Geri Schear is an award-winning novelist, author of three Sherlock Holmes and Lady Beatrice books published by MX Publishing. Her short stories have appeared in a number of journals. For further information, see her page at Amazon:
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One Response to Getting to Know Dick Gillman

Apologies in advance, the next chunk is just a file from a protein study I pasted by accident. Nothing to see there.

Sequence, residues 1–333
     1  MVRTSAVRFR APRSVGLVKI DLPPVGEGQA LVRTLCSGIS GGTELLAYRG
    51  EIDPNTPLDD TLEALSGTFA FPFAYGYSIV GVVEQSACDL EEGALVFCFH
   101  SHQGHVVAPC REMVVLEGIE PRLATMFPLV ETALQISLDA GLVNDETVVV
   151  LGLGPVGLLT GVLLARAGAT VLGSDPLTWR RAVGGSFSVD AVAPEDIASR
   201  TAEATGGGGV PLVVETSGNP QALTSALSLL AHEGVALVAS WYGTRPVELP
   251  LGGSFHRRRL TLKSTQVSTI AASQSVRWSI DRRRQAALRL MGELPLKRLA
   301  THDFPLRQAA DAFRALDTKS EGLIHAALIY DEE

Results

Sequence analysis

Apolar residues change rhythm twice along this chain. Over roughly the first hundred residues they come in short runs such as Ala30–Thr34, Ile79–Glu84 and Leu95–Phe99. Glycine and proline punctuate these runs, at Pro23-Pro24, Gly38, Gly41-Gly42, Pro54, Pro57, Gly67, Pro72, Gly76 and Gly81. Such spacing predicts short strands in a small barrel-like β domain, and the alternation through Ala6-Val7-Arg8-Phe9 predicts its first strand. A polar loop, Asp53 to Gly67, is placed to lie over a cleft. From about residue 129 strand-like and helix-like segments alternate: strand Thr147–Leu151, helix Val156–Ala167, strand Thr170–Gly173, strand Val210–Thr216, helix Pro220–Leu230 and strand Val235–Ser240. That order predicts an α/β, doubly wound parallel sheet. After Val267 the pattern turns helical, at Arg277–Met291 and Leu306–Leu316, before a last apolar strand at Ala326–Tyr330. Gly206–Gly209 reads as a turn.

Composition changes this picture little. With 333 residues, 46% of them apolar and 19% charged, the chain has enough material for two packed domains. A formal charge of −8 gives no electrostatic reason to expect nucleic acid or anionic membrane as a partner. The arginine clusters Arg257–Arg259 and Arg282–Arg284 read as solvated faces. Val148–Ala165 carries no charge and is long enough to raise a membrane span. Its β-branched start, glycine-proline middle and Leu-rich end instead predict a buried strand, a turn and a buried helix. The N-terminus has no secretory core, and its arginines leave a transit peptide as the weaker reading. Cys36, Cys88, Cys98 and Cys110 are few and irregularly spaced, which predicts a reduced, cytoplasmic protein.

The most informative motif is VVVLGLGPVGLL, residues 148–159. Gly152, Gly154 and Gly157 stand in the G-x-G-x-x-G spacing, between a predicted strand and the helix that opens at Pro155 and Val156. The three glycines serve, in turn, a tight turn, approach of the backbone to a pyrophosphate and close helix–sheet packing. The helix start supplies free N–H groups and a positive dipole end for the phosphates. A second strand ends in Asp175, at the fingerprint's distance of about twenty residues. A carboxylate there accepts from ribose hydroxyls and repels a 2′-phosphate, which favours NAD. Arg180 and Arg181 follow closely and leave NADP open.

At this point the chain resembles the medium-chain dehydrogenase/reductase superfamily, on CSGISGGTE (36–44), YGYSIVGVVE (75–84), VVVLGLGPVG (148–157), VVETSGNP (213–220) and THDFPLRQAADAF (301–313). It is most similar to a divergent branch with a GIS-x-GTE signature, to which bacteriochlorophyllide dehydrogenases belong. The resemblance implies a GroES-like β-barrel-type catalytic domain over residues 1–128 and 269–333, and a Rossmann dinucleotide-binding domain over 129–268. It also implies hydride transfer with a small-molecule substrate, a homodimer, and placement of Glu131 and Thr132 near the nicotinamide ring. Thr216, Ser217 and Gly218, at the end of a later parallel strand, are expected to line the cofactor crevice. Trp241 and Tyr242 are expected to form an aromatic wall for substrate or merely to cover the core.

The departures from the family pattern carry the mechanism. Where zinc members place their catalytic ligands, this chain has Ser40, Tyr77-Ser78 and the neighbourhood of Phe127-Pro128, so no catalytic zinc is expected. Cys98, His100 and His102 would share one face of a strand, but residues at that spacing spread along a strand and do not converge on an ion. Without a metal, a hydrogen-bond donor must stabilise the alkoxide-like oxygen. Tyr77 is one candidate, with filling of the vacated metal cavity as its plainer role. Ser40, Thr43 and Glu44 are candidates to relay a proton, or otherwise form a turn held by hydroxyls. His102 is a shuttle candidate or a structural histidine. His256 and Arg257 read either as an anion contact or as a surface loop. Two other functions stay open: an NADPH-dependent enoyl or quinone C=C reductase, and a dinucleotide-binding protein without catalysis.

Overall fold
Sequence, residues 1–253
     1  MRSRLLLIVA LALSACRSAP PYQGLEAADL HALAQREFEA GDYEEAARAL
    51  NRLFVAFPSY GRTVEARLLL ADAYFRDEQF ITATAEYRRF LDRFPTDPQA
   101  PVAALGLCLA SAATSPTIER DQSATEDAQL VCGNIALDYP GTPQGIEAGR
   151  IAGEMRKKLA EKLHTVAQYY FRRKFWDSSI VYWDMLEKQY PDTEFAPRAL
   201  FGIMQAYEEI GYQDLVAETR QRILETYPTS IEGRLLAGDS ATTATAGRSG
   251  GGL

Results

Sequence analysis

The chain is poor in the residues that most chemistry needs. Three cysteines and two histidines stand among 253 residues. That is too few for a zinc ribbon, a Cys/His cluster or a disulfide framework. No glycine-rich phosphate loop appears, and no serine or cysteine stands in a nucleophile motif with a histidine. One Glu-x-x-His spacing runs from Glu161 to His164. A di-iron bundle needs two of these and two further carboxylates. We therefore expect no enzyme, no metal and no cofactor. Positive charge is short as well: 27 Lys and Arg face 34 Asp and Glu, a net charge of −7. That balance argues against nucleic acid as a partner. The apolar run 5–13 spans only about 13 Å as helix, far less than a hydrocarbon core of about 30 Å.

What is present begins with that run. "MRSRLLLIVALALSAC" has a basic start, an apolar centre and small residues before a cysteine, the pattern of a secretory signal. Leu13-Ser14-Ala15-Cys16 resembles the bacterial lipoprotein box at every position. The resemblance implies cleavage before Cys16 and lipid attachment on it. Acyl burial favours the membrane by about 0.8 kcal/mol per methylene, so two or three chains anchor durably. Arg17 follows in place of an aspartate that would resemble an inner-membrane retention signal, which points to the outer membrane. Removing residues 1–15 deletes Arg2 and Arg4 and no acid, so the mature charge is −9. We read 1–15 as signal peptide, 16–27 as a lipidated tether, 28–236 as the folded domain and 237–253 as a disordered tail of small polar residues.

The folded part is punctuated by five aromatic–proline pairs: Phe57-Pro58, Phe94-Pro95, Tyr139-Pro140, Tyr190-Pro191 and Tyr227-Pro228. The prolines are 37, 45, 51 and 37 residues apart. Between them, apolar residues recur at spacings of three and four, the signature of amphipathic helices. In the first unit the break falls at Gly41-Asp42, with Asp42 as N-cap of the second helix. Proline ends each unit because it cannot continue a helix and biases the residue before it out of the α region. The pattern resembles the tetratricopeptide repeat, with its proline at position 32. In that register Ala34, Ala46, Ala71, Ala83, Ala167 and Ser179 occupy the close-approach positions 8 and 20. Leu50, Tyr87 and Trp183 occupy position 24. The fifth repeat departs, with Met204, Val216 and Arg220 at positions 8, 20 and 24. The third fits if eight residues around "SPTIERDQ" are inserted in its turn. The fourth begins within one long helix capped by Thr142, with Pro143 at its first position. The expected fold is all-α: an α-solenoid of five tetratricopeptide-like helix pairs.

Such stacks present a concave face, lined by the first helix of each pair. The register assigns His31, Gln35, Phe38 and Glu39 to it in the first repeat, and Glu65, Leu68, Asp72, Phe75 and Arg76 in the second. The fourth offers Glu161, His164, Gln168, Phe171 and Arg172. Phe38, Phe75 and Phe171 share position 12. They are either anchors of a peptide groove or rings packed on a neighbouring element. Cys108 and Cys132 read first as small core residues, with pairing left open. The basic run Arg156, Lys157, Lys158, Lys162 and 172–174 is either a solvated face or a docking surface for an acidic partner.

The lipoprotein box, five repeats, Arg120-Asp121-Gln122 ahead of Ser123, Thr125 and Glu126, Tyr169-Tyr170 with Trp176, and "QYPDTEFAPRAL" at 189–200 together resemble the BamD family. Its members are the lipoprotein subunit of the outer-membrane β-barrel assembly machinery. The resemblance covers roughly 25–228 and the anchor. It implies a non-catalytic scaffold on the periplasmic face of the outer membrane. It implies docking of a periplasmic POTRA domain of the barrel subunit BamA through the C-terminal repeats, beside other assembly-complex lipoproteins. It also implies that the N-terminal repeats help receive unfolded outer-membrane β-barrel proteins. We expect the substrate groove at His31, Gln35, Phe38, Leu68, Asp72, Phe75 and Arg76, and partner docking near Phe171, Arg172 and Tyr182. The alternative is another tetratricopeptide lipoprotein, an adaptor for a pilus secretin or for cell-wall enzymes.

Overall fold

Thank you, Geri, for the interview and link, it is much appreciated. I realised yesterday that I had ignored your kind offer of putting us up if we were to come to Ireland. Thank you for that also. Sherlock Season 4 is odd. The first five minutes of the first episode I thought was utter rubbish but I grew to like the rest, not so much in a Holmesian sense, but just appreciating it as a detective romp.The second episode I really disliked. I despise drug fueled / dream sequences and are we really to believe that Holmes would not recognise his own sister?? Unbelievable! The bit that really disturbed me, and, from what I have read of the reviews, has not been picked up, is the parallel with Jimmy Saville! A man, untouchable, can go anywhere, do anything in a hospital and even has his own bunch of keys. I am afraid the memory of Saville is still very raw. Yes, it showed the villain as being truly despicable, preying on the vulnerable for his own pleasure, but I really found it in bad taste. I would be interested in hearing your thoughts, Geri. Did it ring any bells with you? Thanks again, Dick x